Tony Gonzalez To the Falcons: How Valuable is a Second-Round Draft Pick?

GoBears 2008Analyst IApril 23, 2009

KANSAS CITY, MO - DECEMBER 21:  Tony Gonzalez #88 of the Kansas City Chiefs runs downfield during the game against the Miami Dolphins on December 21, 2008 at Arrowhead Stadium in Kansas City, Missouri. (Photo by Jamie Squire/Getty Images)

Perennial Pro-Bowler and presumptive Hall-of-Fame Tight End Tony Gonzalez was traded to the Atlanta Falcons earlier today for a 2010 second-round draft pick. The move comes about a month after the Chiefs spent their own 2009 second-rounder on Patriots Quarterback Matt Cassel and Linebacker Mike Vrabel.

In the NBA, second-round picks (with a few exceptions, such as the Marcus Camby salary dump) are often treated as if they aren't valuable at all, and are sometimes sold outright on draft day.

Some teams, like the Portland Trailblazers, seem to collect them. But despite the emergence of several second-round picks as good players (such as Gilbert Arenas and Manu Ginobili), a second-round pick won't usually bring a decent veteran in an NBA trade.

Assuming one pick per round, an ideal NBA draft will fill forty percent of a future starting lineup, comparable to thirty-two percent for an NFL team's draft (twenty-nine percent if kickers and punters are included).

According to the NFL draft pick value chart, the first pick of the second round is worth 580 points, making it roughly half as valuable as the ninth overall pick (1350), and one fifth as valuable as the first overall pick (3000 points). The sixty-fourth overall pick (the last of the second round) is worth 270 points, making a pick in the fifty range worth about 400.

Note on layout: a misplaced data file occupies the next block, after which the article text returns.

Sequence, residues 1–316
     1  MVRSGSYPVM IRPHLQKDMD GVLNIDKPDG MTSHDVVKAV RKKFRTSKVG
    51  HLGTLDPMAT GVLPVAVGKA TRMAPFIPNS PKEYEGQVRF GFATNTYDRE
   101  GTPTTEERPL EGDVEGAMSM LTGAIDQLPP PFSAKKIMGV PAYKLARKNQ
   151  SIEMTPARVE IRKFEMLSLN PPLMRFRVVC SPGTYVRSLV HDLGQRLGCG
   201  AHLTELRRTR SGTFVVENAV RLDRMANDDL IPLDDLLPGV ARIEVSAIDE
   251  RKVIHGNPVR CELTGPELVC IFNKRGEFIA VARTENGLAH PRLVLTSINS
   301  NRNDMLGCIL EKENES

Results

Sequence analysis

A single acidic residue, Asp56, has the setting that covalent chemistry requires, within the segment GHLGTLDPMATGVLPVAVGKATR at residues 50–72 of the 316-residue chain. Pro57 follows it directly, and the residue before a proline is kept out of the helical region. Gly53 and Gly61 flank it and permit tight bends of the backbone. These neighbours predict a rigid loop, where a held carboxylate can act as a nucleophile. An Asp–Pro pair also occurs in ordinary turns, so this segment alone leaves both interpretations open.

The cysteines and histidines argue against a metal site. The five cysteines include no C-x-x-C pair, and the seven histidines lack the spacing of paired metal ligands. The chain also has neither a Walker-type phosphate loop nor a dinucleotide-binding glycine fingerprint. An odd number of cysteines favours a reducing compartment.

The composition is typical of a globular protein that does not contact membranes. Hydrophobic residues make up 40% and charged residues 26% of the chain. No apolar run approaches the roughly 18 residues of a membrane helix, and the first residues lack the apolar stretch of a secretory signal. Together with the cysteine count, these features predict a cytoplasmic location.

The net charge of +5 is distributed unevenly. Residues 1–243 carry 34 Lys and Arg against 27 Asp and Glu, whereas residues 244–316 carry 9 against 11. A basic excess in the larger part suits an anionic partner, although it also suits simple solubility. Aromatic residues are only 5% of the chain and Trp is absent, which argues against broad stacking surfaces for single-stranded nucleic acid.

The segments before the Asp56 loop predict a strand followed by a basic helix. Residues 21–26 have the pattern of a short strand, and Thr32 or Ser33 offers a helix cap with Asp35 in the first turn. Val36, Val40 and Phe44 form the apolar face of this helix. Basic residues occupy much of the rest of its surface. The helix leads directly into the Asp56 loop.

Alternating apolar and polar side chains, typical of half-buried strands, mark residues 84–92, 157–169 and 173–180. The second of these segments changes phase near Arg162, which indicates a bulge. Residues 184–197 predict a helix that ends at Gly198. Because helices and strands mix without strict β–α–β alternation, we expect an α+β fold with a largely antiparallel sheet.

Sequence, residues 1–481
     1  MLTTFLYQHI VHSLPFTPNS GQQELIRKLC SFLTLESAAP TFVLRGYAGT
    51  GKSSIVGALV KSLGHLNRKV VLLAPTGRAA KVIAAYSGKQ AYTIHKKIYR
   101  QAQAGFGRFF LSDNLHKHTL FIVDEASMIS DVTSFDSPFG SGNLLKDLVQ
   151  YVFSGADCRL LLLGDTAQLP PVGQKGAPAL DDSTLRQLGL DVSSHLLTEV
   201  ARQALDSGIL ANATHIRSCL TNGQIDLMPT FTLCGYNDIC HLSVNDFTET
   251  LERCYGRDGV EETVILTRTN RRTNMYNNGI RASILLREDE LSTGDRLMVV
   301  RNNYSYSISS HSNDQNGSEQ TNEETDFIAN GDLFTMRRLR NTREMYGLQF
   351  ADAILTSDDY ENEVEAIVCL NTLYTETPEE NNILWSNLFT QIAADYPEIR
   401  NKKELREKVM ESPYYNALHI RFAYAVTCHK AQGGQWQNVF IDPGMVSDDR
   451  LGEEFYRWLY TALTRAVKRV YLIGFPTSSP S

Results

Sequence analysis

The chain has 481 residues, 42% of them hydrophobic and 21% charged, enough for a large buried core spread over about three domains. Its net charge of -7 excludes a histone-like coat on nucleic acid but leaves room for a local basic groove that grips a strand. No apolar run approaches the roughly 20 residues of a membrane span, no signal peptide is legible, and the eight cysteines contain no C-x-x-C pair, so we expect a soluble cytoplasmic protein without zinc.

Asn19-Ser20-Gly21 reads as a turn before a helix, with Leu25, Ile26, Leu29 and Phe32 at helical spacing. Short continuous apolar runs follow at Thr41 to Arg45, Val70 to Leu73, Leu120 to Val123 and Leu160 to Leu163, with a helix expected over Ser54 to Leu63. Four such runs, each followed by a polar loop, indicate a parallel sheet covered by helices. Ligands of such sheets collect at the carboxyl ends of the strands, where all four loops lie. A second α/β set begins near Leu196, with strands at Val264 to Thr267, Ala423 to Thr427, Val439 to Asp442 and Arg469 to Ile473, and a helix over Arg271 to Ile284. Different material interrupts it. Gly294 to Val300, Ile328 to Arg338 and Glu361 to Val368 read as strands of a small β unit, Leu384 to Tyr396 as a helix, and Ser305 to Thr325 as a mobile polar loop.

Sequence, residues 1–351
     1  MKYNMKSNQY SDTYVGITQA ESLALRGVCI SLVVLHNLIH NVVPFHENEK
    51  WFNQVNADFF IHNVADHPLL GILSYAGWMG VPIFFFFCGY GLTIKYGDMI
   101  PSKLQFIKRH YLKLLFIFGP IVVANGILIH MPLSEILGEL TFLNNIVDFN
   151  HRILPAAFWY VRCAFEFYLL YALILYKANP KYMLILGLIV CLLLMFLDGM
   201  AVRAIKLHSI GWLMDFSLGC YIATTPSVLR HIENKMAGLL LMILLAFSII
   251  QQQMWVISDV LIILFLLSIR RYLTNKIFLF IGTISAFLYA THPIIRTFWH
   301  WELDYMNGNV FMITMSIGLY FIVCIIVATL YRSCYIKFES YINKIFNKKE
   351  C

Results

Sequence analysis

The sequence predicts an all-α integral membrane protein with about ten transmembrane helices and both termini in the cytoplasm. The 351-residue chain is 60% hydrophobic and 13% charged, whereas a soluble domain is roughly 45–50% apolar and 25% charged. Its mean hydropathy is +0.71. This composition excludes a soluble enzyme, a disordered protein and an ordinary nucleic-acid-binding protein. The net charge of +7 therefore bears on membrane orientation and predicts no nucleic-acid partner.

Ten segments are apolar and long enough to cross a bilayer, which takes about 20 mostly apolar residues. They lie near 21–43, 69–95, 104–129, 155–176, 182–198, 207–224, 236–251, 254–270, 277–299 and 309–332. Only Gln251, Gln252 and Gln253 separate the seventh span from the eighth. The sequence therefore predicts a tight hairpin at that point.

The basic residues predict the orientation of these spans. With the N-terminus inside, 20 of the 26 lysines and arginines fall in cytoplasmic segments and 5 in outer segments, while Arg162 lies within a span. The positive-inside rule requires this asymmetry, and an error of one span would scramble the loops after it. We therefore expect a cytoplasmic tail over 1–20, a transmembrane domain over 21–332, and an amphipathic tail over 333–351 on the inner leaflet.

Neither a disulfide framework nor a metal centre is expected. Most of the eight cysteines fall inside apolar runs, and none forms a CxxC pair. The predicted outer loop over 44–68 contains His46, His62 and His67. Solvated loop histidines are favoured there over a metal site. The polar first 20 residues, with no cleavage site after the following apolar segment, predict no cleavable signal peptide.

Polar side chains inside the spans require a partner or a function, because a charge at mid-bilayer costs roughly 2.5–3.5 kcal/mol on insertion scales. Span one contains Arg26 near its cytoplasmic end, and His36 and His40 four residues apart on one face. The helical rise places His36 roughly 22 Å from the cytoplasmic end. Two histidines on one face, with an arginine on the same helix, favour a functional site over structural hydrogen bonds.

The Falcons draft twenty-third in the second round this year (fifty-fifth overall). Assuming the Falcons draft at a similar position next year (for example, twenty-seventh in each of the first two rounds - adding a playoff win for the addition of Gonzalez and improvements in Matt Ryan's game), here are some of the recent picks in this range:

2008: RB Ray Rice (Ravens: fifty-fifth overall): One 150+ yard game in 2008.
QB Brian Brohm (Packers: fifty-sixth overall)
QB Chad Henne (Dolphins: fifty-seventh overall)
WR Dexter Jackson (Bucs: fifty-eighth overall)
G Mike Pollak (Colts: fifty-ninth overall): Started thirteen games in 2008.
CB Patrick Lee (Packers: sixtieth overall)

Best Second-Rounder (so far): WR DeSean Jackson (Eagles: forty-ninth overall)

2007: DB Josh Wilson (Seahawks: fifty-fifth overall): Four Int's (one for TD) in 2008.
DE Tim Crowder (Broncos: fifty-sixth overall)
DE Victor Abiamiri (Eagles: fifty-seventh overall)
DE Ikaika Alama-Francis (Lions: fifty-eighth overall)
C Ryan Kalil (Panthers: fifty-ninth overall): Started twelve games in 2008.
CB Samson Satele (Dolphins: sixtieth overall): Started sixteen games in both 2007 and 2008.

Best Second-Rounder (so far): LB LaMarr Woodley (Steelers: forty-sixth overall)

2006: T Andrew Whitworth (Bengals: fifty-fifth overall): Thirty-eight starts in three years.
C Chris Chester (Ravens: fifty-sixth overall)
ATH Devin Hester (Bears: fifty-seventh overall): Eleven career special teams touchdowns. Returned opening kick for TD in Super Bowl XLI.
DB Richard Marshall (Panthers: fifty-eighth overall)
T Jeremy Trueblood (Bucs: fifty-ninth overall)
RB Maurice Jones-Drew (Jags: sixtieth overall): Averages 4.7 yards per rush. Thirty-four career rush TD's.

Best Second-Rounders (so far): Jones-Drew, Hester, LB DeMeco Ryans (Texans: thirty-third overall)

2005: WR Roscoe Parrish (Bills: fifty-fifth overall)
DB Darrent Williams (Broncos: fifty-sixth overall): R.I.P.
DB Justin Miller (Jets: fifty-seventh overall)
WR Terrence Murphy (Packers: fifty-eighth overall)
DT Jonathan Babineaux (Falcons: fifty-ninth overall)
CB Kelvin Hayden (Colts: sixtieth overall): Critical fifty-six yard INT return for a touchdown in Super Bowl XLI.